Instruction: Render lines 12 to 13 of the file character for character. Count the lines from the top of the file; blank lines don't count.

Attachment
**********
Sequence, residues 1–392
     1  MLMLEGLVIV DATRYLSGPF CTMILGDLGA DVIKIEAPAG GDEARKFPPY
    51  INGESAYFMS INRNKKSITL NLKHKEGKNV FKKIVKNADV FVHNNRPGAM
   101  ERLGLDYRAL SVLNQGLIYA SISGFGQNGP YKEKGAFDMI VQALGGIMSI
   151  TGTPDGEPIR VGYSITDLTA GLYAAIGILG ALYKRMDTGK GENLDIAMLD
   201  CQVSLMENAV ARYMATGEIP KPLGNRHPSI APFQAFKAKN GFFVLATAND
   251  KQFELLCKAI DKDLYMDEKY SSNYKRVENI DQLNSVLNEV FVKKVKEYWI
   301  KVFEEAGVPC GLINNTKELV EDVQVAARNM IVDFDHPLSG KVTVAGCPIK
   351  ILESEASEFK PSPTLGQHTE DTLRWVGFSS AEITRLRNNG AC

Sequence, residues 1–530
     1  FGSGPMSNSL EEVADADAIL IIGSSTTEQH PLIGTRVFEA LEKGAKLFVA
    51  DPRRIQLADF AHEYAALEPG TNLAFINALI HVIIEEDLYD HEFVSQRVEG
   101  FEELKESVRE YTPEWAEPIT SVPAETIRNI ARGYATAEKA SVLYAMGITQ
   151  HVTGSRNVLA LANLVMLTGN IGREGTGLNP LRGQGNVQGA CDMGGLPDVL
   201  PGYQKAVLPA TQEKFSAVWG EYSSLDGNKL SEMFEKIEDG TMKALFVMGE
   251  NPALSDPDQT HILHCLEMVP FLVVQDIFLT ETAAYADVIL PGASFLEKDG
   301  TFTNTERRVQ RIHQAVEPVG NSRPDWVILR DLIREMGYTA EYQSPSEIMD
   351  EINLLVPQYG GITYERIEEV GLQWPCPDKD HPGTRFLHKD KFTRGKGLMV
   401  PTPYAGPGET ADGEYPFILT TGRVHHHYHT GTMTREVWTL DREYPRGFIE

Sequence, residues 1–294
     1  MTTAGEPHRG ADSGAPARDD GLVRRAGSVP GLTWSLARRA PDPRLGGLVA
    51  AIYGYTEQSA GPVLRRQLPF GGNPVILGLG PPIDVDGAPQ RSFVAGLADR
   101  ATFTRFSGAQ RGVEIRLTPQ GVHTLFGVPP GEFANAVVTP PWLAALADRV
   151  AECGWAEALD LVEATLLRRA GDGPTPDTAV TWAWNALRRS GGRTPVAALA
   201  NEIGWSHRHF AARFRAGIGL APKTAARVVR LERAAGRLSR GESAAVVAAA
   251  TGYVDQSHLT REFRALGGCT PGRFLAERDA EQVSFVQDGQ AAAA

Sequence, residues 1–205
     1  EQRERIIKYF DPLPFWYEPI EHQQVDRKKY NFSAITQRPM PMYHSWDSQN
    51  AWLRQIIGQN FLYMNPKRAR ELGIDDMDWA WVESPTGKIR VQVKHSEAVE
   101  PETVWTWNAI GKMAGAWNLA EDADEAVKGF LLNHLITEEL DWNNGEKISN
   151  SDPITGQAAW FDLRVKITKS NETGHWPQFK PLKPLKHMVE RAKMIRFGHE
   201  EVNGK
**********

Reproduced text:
    51  DPRRIQLADF AHEYAALEPG TNLAFINALI HVIIEEDLYD HEFVSQRVEG
   101  FEELKESVRE YTPEWAEPIT SVPAETIRNI ARGYATAEKA SVLYAMGITQ